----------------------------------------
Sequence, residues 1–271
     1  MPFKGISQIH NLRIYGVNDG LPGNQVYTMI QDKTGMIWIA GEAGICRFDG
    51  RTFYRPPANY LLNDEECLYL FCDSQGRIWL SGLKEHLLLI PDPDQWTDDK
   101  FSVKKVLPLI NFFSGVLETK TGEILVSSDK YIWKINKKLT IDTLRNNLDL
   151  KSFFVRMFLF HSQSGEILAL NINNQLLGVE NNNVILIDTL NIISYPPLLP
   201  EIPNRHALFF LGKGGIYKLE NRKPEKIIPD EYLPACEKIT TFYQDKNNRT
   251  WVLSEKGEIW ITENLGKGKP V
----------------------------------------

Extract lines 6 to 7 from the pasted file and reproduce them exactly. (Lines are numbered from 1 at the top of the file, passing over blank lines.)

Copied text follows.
   201  EIPNRHALFF LGKGGIYKLE NRKPEKIIPD EYLPACEKIT TFYQDKNNRT
   251  WVLSEKGEIW ITENLGKGKP V